Having examined some of the biblical purposes that compel us to practice discipleship, we now must consider details essential to follow Christ's command and "make disciples."  In our modern day, it looks quite different.  We are not "studying at the feet" of a single teacher as was the practice 2000 years ago.  We have a range of tools and venue possibilities from which we must seek to derive effective discipleship within our local churches. 

So next time we begin to examine some of our practices of discipleship.

Blessings and many thanks,




1st Steps, Discipleship part 5
10/20/2011 2:17:36 PM Link 0 comments | Add comment


Christ chose those who would be his disciples.  It is interesting to examine what He did.

He did not look for men who might have been considered most qualified by religious notions or standards of the day, experts in the Law or qualified and experienced teachers.  Instead, He pulled his group from common laborers such as fishermen. 

His band of disciples lived with and learned from Jesus until He went to the cross.   Rather than evaluating the "qualifications" and experience, Jesus looked for what these men would become.  He saw in them the future leaders of his church, which would have the responsibility of discipleship to all nations.

Now, in our modern day of abundant resources for studying, discipleship takes on many forms other than studying with and living with the Master.  Yet the purpose remains the same –  to follow Christ and become increasingly like him.

It is a lifelong process, too. 

Jesus spent approximately three to three and one-half years living with and teaching his chosen disciples.  As he prepared to return to the Heavenly Father, he promised them on-going support and teaching.  We read in John 14 of this promise to provide his Holy Spirit (Counselor), just as he would then promise to always be with them as we cited from Matthew 28:20 on page 2, "...And surely I am with you always, to the very end of the age.”

With these promises Jesus deployed his disciples into the world, to make disciples. 

Blessings and many thanks,




1st Steps, Discipleship part 4
10/13/2011 3:44:18 PM Link 0 comments | Add comment


The Biblical Purpose Of Discipleship – last time we referenced the Great Commission.

Mt 28:18Then Jesus came to them and said, “All authority in heaven and on earth has been given to me. 19 Therefore go and make disciples of all nations, baptizing them in the name of the Father and of the Son and of the Holy Spirit, 20 and teaching them to obey everything I have commanded you. And surely I am with you always, to the very end of the age.”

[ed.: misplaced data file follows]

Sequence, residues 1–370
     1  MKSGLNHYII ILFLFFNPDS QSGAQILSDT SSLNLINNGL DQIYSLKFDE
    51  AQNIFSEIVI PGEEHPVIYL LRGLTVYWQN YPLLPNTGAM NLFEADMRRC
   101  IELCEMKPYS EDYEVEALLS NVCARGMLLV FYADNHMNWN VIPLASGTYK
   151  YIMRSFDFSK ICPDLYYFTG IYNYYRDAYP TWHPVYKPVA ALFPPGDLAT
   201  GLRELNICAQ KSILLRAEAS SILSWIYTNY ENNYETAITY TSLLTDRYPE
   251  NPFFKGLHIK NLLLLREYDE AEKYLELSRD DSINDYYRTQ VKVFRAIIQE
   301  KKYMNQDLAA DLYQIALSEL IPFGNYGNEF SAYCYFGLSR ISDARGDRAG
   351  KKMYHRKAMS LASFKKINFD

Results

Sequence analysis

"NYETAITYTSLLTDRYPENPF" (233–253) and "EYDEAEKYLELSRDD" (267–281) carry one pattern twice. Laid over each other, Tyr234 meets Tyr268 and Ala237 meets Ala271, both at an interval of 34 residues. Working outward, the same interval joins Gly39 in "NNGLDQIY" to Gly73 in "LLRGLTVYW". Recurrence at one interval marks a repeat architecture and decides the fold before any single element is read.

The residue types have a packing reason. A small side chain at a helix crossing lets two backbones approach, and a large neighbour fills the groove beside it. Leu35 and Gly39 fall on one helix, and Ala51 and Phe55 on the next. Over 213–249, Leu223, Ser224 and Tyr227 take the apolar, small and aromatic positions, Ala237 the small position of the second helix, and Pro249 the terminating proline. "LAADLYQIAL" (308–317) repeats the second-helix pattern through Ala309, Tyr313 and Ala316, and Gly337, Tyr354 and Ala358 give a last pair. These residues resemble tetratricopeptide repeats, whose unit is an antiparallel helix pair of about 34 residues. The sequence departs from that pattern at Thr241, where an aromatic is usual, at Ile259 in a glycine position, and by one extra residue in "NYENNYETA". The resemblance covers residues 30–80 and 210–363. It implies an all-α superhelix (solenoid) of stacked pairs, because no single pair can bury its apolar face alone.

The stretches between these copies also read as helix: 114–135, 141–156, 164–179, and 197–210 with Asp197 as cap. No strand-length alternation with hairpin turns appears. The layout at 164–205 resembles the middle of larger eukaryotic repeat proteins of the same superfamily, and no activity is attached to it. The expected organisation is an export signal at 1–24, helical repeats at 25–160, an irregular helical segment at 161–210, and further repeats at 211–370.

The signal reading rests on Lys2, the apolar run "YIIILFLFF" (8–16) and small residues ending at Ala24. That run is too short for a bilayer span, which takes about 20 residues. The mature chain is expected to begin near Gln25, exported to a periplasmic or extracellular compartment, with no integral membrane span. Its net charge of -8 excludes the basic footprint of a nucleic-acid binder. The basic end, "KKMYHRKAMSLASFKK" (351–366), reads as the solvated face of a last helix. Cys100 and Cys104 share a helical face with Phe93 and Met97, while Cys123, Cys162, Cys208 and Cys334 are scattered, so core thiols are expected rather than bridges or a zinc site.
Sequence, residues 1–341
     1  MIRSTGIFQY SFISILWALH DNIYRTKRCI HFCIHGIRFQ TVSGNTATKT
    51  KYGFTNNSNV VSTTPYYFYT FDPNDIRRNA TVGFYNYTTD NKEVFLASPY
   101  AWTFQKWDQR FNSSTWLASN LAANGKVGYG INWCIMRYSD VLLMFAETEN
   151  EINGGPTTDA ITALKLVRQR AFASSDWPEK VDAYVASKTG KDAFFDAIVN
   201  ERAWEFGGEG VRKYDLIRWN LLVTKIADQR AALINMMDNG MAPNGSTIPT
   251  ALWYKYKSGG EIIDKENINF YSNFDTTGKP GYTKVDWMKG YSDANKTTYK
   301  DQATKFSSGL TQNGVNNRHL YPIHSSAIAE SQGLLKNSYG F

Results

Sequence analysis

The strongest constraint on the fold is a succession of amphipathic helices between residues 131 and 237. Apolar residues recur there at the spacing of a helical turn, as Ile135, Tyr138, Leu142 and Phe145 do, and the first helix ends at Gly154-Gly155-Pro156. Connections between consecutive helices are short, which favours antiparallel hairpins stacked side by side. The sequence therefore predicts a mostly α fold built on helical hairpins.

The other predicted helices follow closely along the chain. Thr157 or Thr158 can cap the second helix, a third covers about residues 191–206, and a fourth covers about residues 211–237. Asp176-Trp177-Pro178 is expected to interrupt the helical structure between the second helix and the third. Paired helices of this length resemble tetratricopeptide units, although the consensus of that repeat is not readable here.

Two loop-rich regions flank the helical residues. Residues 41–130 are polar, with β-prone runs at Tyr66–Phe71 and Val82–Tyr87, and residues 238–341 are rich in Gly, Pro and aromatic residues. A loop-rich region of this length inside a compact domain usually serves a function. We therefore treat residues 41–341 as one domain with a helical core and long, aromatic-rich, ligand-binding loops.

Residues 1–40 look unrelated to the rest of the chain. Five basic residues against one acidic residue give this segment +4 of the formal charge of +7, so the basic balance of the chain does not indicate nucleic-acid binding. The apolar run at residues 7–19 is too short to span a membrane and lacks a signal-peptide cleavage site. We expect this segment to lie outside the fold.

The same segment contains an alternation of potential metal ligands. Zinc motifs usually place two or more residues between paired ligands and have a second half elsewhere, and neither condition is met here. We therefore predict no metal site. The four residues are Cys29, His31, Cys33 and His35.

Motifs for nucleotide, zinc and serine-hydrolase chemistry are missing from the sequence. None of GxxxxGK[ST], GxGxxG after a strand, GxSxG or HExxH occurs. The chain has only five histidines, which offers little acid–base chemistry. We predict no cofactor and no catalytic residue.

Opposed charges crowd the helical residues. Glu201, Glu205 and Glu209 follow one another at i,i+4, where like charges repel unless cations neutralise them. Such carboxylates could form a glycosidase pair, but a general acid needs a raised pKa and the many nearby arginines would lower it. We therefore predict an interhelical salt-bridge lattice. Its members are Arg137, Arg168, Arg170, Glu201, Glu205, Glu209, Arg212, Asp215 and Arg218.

There is nothing quite like a command from our Savior that should put us into motion to follow and obey.  There was nothing confusing about Christ's instruction to his disciples just prior to Him ascending into Heaven. 

Jesus had prepared his team for exactly this mission – to go and make disciples.  We can search for a concise definition of "discipleship," and we did earlier in this series.  However, another great source of insight into discipleship is to observe and study deeply the approach that Christ took with his chosen men. 

A disciple in general terms is somebody who believes in and follows the teachings of a leader, a philosophy, or a religion.  In our context then, a disciple is someone who believes in and follows Jesus Christ.

Christian discipleship then is the process by which followers of Christ grow in the Lord Jesus, overcoming the pressures and challenges of this current life, becoming more like Christ.  Dallas Willard in The Great Omission defined it in terms of what it meant in Jesus' day –  "When Jesus walked among humankind there was a certain simplicity to being his disciple.  Primarily it meant to go with him, in an attitude of observation, study, obedience, and imitation."

As we mentioned last time, we sometimes think of Jesus' disciples as the first.  They were the first disciples of Christ, but this type of preparation of men was quite common in that day and before.  It was logical for Jesus to take this approach with his closest followers -his chosen twelve.  "This was the ancient method whereby rabbis trained their talmidim, or disciples.  Talmidim (tahl-mee-DEEM) were disciples or students who dedicated themselves to learning both from the rabbi's understanding of Scripture and his way of living it out."

Blessings and many thanks,




1st Steps, Discipleship part 3
10/11/2011 6:38:21 AM Link 0 comments | Add comment


Our focus is on making disciples of Christ, and we learn a lot from how Jesus modeled techniques and teaching methods with his original 12 disciples. 

The concept of disciple is actually much older than in Christ's day.  In the ancient Jewish culture in particular, rabbis would commonly have disciples.  "Disciples often traveled with, lived with, and imitated their rabbis, learning not only from what they said but from what they did..."  Sitting at the Feet of Rabbi Jesus, by Spangler and Tverberg, does a beautiful job of illustrating the Jewish culture in which Jesus lived and taught during his time on earth.  Understanding that culture can help us see more relevance for how and why Christ taught as He did. 

Following this tradition was natural and efficient for Jesus in order to disciple his immediate circle of chosen men.  It would have been a comfortable pattern for the disciples, also – a lifestyle that they knew about.  Perhaps some of them had even longed for a chance like this before they had entered into their "blue collar" life work. 

In our series and discussion:

  1. We will see Christ's examples and examine the purposes of discipleship. 
  2. From the first church, our lessons pursue the practices of discipleship in the local church body. 
  3. Later we will outline responsibilities of today's church leaders to teach, cultivate and encourage discipleship in the direction of the purposes the Lord intends.

As we noted last time, discipleship is not optional.  It was a command of our Savior that we often refer to as the Great Commission.

Mt 28:18Then Jesus came to them and said, “All authority in heaven and on earth has been given to me. 19 Therefore go and make disciples of all nations, baptizing them in the name of the Father and of the Son and of the Holy Spirit, 20 and teaching them to obey everything I have commanded you. And surely I am with you always, to the very end of the age.”

That is where we pick up next time.

Blessings and many thanks,